As 600,000 low-paid council workers prepare to strike on July 16 and 17 in support of a 6% rise in their meagre wages, the cause of their anger – soaring prices – shows no sign of abating. On the contrary, gas and electricity prices are set to climb 40% this winter while the cost of food and fuel continues to rocket.
A 48-hour strike called by ever-so-reluctant Unison leaders – who have sat back for years watching their members’ wages fall further and further behind - will make no impact on the New Labour government. Brown and Darling are determined to make ordinary people pay for the economic crisis. The council workers have been offered a below-inflation pay offer of 2.45%, which therefore amounts to a pay cut.
The question is: How can we halt price rises that are eating away at people’s incomes? Millions of families are seeing their cost of living rise by 6.7% this year – more than double the headline inflation rate of 3.3. Official figures show that an average basket of foodstuffs has risen in price by almost 8% over the past year, or £8 for every £100 spent. Even if Unison won its claim, its members would still be worse off by the end of the year.
This is because the major food and energy corporations simply pass on costs where they can as they are in the business of making profits not feeding people or providing affordable fuel. And the corporations sing the same song as the government – prices are soaring because of global “market conditions”. These are quite obviously beyond human control so consumers will just have to grin and bear it.
What rubbish! The pressures are indeed global in nature but their impact is local and within our power to deal with. We don’t have to worship at the altar of the capitalist market if we don’t want to. If Unison leaders were really serious about improving their members’ pay, they could launch a campaign along the following lines:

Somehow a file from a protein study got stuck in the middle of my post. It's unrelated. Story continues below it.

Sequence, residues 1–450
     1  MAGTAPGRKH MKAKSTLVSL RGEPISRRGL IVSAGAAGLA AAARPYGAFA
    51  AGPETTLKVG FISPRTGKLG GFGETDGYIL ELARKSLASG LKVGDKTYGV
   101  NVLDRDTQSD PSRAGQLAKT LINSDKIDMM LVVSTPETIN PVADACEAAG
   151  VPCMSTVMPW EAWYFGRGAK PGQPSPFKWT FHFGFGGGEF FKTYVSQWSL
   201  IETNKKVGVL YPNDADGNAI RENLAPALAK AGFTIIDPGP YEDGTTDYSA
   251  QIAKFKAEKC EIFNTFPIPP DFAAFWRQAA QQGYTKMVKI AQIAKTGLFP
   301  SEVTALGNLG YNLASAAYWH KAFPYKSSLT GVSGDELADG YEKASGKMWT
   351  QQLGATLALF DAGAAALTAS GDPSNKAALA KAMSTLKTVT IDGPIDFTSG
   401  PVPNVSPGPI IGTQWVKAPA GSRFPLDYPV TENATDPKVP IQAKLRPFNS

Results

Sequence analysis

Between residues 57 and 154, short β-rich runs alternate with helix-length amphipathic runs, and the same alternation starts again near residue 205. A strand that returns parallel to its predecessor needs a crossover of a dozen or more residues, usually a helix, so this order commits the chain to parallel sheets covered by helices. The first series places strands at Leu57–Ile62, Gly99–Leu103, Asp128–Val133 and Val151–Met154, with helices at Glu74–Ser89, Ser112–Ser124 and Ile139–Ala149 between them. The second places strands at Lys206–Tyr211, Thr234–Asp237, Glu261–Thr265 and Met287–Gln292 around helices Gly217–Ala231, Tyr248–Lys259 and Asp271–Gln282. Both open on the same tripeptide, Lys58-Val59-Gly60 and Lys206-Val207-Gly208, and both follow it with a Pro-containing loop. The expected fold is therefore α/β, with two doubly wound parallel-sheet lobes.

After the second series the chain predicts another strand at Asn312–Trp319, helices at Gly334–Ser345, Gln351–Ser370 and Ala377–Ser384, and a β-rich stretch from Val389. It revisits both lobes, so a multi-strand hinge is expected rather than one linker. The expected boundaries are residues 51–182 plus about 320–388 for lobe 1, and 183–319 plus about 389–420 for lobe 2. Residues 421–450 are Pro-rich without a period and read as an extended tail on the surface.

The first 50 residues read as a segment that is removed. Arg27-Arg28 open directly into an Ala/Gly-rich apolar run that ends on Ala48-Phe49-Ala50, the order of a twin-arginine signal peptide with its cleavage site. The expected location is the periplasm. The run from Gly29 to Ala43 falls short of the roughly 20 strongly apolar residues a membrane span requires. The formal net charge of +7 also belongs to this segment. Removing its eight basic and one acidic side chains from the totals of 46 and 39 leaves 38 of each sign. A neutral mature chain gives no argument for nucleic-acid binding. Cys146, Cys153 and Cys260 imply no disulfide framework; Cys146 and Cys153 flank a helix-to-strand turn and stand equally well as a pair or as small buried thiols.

- Create price committees of producers and consumers. These should analyse the real cost of food and fuel, exposing the profiteering and price-fixing that goes and propose sustainable, not-for-profit alternatives.
- Demand that supermarket chains cut prices. Tesco, Sainsbury, Asda and Morrisons racked up £4.5 billion in profits last year alone by exploiting producers, staff and consumers. Instead of distributing profits to shareholders, the money should be used the money to mitigate the effects of global “market pressures”.
- Redirect government priorities. Just by ending wars in Iraq and Afghanistan and cancelling the Trident nuclear missile replacement programme, state subsidies could be made available to make food and fuel affordable.
- Campaign for social ownership and control. If, as is likely, the supermarket chains refuse to play ball, then the union should win popular support for them to be taken over and run by staff, consumers and local communities with the support of expert, financial, technical and scientific advice.
- Affordable food and energy. Prices should be determined by the costs of production, taking into account sustainable methods of agriculture and processing, the livelihoods of those involved in production, distribution and retailing and the purchasing power of consumers. The same approach could just as easily be applied to energy supplies.
- New political solutions. Obviously, implementing such a programme would require the support of government, backed up by an independent social movement. No one expects New Labour to take such a stand and it’s ridiculous (and a waste of effort) to suggest they do. Just like the Tories, Brown and company are tied to big business interests. So Unison and other union leaders should acknowledge that the old politics is finished and that creative, new solutions must be found.